“Starting plantain farming depends on the individual’s budget and target. An hectare is okay for a start. With at least ₦50,000 and a ready land, you are good to go and you have a very wide market to sell to after harvest. Plantain business is very lucrative if you cut the cost of production to the minimum. My immediate targets are market women, plantain chips and flour producers, individuals. The market is wide”
However, Christian also admits that as lucrative as the business could be, there are challenges one can encounter.
“ There are some challenges in this line of business. It’s either you are buying a land or taking one on a lease agreement. And getting a land these days is on the high side depending on the location and your market. Also, there is the issue of transportation. Are you going to transport the suckers and the plantain itself, what’s the quantity of suckers you are to buy?, cost of labour which differs from one place to another and some other logistic challenges.”
In the same vein, an Agricultural Consultant, Etimbuk Imuk says a hectare of land can be cultivated with 1667 suckers which cost about ₦200 each, making a total of ₦333,400. According to her, one would be sure of making over 60% proceed from the first harvest which is usually above 1000 bunch.
The Market Overview
In a regular Nigerian market, a bunch of plantain costs about 600 to ₦700 — contains at least 30 to 40 single plantain. Of which one roasted plantain costs between ₦80 to ₦100. If you have 30 in a bunch, you will make ₦3000 and a profit of ₦2,500. So, assuming you took a loan to start the plantain roasting business, in a minimum of nine months, it will start yielding and you wouldn’t only be able to pay back your debt but have enough money for next purchase.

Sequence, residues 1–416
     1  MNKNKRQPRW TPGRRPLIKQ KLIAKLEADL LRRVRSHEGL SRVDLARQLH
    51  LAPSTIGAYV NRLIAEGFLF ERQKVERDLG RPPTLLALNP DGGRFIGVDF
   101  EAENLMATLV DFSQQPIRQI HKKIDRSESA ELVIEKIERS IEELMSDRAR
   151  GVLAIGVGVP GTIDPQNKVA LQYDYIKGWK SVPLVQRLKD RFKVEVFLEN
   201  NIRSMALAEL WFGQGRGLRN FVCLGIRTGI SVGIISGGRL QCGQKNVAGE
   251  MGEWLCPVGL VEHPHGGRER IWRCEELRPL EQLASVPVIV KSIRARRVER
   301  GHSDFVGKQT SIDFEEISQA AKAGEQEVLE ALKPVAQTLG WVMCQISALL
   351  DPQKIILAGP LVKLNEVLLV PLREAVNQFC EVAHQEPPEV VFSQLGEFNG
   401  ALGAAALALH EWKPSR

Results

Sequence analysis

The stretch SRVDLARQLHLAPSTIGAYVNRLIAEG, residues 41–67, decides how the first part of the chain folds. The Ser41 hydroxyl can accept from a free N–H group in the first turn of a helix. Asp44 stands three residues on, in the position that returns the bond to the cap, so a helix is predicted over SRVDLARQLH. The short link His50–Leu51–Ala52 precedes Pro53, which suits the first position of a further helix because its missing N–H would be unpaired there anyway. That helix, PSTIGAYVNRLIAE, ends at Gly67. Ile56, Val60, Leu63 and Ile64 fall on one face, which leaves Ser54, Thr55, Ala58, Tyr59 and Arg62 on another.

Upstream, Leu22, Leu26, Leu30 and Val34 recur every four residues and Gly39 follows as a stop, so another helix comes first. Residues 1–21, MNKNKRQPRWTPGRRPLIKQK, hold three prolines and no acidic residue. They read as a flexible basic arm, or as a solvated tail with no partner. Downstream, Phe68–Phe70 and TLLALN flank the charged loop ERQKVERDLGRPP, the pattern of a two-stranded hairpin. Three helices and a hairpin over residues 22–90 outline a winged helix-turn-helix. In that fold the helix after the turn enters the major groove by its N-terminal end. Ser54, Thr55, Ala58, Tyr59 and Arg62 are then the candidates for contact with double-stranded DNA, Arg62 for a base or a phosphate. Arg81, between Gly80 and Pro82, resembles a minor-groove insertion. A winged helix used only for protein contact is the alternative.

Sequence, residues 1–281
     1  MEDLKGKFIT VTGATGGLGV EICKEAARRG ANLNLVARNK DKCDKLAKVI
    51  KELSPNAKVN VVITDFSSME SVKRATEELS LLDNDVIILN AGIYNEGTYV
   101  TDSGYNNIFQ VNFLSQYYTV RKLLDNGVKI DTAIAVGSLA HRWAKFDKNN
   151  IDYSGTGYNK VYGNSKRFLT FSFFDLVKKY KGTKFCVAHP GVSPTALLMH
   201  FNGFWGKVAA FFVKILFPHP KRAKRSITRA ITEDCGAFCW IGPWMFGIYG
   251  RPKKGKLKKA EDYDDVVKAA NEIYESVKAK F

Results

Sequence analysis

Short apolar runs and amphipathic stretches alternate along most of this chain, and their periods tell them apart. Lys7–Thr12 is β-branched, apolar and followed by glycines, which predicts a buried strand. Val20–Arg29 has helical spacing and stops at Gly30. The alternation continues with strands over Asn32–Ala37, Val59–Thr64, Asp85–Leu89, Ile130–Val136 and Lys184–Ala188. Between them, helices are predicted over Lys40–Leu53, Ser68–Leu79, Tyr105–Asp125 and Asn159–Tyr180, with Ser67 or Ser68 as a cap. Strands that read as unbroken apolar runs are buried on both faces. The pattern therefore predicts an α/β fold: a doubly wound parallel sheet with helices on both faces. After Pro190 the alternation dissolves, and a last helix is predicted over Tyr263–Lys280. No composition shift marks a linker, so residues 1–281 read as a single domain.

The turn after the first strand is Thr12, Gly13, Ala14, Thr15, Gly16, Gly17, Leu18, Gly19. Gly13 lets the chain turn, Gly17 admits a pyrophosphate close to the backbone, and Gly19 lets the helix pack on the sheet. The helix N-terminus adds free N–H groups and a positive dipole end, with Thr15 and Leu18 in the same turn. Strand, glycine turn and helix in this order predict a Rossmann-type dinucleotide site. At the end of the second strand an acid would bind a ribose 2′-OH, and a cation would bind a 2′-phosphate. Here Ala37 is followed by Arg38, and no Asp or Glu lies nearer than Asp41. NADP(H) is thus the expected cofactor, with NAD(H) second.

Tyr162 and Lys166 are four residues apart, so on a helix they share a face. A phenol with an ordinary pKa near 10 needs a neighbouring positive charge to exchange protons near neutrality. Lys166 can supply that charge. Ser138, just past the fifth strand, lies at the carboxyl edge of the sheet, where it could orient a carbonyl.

Here is another scenario. If a plantain vendor sells the 1000 bunches of plantain at a rate of ₦ 500 each in a regular Nigeria market, that will give us a total of ₦500,000. Mind you the total cost of production per hectare is ₦333,400. So, there’s a net profit of ₦166,000.
One doesn’t need any convincing that if this is applied across more hectares of land lying waste or lands the federal government is requesting from states to establish cattle ranches in southern Nigeria, it would increase the net worth of these state thereby culminating into an increased GDP for the nation.
A way to go about this is for the Nigerian government to step in, make lands ( and farming tools) available to farmers on subsidised rates and give them grants for mass cultivation. There’s an open window for commercial production, and possibly mass exportation — and not just within the country as it is presently.
Back to Port Harcourt Bole Festival, What to expect next
According to Kennedy, the next edition of Bole Festival would be coming up sometime in August 2019 and there are no plans of holding the grand festival outside the city of Port Harcourt. At least, not yet.
“We see a nationwide celebration of this festival, we are taking Port Harcourt to World,”Kennedy tells Smepeaks in a conversation.